The British House of Commons on Monday passed government legislation to change its trade relationship with Northern Ireland. There were 295 votes in favor and 221 against. The proposal now goes to the committee stage, where further consideration is given.
Earlier this month, the government in London announced plans to change the so-called protocol for Northern Ireland. It is part of the Brexit agreement with the European Union and should ensure that there will be no hard border between Northern Ireland and Ireland after Brexit. Northern Ireland is part of the United Kingdom while Ireland is part of the EU.
Such a border could jeopardize a costly peace between pro-Irish Catholics and pro-British Protestants on the island.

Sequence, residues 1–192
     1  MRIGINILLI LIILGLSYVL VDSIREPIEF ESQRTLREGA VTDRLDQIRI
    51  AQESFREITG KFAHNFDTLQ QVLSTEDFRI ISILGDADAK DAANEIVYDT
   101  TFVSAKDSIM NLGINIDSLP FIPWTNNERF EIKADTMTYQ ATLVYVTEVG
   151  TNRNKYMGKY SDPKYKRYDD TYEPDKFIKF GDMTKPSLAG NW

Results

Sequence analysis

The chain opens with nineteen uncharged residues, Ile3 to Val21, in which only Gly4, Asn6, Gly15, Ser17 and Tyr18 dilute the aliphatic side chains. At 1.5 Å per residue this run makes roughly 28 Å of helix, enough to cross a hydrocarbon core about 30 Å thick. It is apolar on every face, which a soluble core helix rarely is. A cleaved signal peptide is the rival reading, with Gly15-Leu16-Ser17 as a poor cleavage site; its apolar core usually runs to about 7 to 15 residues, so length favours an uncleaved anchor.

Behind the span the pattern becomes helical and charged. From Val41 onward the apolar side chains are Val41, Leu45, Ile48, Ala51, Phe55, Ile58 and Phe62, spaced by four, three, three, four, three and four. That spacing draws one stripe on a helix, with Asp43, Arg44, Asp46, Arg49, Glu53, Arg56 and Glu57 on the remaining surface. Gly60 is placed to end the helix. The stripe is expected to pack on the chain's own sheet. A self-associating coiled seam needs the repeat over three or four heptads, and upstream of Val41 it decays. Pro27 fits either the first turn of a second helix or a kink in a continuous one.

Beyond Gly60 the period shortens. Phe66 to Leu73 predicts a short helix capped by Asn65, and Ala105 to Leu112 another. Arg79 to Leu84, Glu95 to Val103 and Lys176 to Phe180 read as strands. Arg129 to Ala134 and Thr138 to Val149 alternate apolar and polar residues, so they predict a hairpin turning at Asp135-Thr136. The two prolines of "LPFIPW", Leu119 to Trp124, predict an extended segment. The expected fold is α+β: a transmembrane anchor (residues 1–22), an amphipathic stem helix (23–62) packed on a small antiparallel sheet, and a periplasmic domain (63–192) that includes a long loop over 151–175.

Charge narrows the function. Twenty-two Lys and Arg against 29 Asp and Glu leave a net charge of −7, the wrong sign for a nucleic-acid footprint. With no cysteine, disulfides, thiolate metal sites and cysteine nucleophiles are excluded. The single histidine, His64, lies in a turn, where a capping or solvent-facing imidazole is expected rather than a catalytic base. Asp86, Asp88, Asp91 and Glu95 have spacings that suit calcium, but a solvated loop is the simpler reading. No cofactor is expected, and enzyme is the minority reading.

The protocol makes trade between Northern Ireland and the rest of the UK more difficult and ensures that Northern Irish people must continue to follow Brussels rules, London said. The European Union then launched three criminal proceedings against the UK.
The proposal is also not controversial in British circles. Not everyone in Prime Minister Boris Johnson’s Conservative Party voted in favor. Former Prime Minister Theresa May, among others, disagreed with the government’s plan. “It is not legal, it will not achieve its objectives and it will reduce Britain’s prestige in the world,” May said.
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